By Irene Aldridge “The Trump effect” has captured news headlines. The unprecedented rise in the U.S. stock markets following the November 8, 2016, election has taken many investors by surprise. Some portfolio managers and commentators question how long it will last. Others proclaim it a bubble that has just hit a natural ceiling for stock prices. Still others call it a “suckers’ rally”, a stock rally with little fundamental information to back up the price movements. Even the legendary Carl Icahn himself proclaimed on December 10, 2016, that “The Trump rally in stocks may have gone too far” (http://www.businessinsider.com/carl-icahn-trump-rally-2016-12). Of course, the market has reached
An Analysis of Institutional Activity in October 2016 Adapted from Real-Time Risk: What Investors Should Know About FinTech, High-Frequency Trading and Flash Crashes (forthcoming, Wiley, NJ). Pre-order on Amazon.com. “Money talks, bull*%$# walks”, says a classic Wall Street proverb. The expression has a lot of merit: nothing reflects one’s beliefs more than a financial bet on the markets. The larger is the bet, the stronger is the belief. AbleMarkets research indicates that institutional money sold off when negative news affected Donald Trump in October 2016, but when Hillary Clinton’s negative news emerged later in the same month, there was very little reaction from institutional money.
When large institutions like hedge funds and pension funds trade, their decisions make a difference to the direction of prices and volatility according to AbleMarkets.com. First, the prices rise on days when the institutions buy throughout the day. Prices fall on the same day when the institutions sell during the day. Second, following institutional buying of a particular financial instrument, volatility decreases for several days with 99% probability, according to the latest research from AbleMarkets. The latest analysis uses institutional buying and selling activity, as a percentage of total buyer- and seller-initiated trades as measured by the AbleMarkets Institutional Participation Index. The index, developed using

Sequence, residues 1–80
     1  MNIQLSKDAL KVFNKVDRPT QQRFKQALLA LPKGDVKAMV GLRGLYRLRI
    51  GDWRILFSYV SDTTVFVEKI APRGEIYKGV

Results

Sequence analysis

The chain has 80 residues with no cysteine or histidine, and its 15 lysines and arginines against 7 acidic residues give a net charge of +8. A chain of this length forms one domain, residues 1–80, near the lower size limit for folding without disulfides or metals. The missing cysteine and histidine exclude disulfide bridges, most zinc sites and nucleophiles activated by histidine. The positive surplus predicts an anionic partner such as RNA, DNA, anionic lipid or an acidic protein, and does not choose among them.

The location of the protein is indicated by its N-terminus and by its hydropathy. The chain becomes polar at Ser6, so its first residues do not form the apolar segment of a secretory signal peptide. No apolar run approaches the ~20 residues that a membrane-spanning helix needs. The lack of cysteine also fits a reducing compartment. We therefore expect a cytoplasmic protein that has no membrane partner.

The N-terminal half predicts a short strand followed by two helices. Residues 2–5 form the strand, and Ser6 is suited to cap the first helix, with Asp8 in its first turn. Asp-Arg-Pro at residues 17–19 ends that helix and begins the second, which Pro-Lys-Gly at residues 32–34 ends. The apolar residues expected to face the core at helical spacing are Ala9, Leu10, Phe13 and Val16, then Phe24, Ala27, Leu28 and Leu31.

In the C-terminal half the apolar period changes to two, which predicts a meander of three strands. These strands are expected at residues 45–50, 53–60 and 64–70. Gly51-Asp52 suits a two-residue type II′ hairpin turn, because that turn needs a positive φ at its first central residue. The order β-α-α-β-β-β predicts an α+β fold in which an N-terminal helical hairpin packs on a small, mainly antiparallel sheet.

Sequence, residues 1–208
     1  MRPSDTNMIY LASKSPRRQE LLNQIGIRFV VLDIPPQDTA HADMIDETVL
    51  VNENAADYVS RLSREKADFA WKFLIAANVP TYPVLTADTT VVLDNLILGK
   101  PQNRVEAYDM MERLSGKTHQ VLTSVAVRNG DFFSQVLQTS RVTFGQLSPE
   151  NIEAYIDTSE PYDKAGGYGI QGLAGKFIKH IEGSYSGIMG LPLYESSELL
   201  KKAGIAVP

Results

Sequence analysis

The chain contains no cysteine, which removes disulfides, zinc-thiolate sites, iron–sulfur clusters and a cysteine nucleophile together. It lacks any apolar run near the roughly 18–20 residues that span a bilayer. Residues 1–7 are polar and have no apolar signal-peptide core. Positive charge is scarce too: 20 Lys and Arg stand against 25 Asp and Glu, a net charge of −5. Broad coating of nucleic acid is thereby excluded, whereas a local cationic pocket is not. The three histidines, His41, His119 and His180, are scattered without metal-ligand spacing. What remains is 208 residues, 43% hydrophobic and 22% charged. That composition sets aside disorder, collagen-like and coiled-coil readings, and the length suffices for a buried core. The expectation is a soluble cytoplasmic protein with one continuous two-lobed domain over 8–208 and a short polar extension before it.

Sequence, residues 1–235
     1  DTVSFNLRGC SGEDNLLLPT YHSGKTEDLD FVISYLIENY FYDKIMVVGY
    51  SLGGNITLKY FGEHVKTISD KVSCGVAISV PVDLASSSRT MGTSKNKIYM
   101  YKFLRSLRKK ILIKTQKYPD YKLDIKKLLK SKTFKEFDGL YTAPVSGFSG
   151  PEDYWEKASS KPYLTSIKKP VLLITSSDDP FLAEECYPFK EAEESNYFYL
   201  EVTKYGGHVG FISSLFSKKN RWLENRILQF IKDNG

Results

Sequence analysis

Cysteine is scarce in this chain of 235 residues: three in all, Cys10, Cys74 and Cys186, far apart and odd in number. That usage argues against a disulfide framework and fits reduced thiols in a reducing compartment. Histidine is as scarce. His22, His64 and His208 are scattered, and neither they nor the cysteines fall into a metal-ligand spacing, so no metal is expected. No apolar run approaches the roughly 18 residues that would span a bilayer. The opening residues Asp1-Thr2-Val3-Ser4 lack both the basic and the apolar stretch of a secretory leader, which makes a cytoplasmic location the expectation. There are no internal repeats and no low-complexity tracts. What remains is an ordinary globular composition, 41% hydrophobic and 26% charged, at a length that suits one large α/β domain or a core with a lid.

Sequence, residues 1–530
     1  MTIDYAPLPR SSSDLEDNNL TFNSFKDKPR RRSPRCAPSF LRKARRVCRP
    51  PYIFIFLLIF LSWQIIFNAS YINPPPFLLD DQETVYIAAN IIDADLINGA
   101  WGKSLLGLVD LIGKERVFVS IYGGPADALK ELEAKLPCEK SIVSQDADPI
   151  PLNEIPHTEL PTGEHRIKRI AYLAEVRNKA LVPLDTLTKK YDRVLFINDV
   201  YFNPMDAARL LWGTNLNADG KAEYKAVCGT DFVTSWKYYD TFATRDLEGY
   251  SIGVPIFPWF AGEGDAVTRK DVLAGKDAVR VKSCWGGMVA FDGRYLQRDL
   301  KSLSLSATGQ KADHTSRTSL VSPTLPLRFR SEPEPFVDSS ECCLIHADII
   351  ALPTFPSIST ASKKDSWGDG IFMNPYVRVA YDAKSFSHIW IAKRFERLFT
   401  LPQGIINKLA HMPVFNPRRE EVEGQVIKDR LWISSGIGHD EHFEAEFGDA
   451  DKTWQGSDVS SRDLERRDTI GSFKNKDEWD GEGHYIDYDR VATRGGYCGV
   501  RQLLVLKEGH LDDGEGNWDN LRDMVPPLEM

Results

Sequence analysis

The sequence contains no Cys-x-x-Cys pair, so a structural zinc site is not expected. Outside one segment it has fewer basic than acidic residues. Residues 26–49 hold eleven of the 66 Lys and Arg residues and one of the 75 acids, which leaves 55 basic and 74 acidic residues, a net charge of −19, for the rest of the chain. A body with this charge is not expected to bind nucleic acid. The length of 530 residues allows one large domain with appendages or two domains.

Most recent routs in the U.S. financial markets have prompted an outpouring of angst. Detractors of high-frequency trading (HFT) were particularly up in arms about the market downturn, which many of them blamed squarely on manipulation by HFT. Much of the debate about the role of HFT in the events of August 2015 crash as well as previous market crashes was largely based on speculation. This article introduces data-driven evidence about the sequence of events on August 24, 2015, a particularly bad Monday when the U.S. equity markets lost over 4% in a single day. To understand the trading dynamics that led to a precipitous
Recent market moves left many buy-side investors puzzled and wanting for more information. Was the extreme volatility observed in the Fall of 2014 a gust of wind or a hurricane, a harbinger of further price swings to come? Our research, AbleMarkets.com, provides answers. Take an absolutely ordinary day, Monday, October 13, 2014. It was Columbus Day, a banking holiday, when stock markets are open, nevertheless. Typically, Columbus Day is a quiet trading day, with little news to move the securities prices. This day was no different: the only event listed on Bloomberg LP was a speech by Chicago Federal Reserve Bank President Charles Evans. Dr.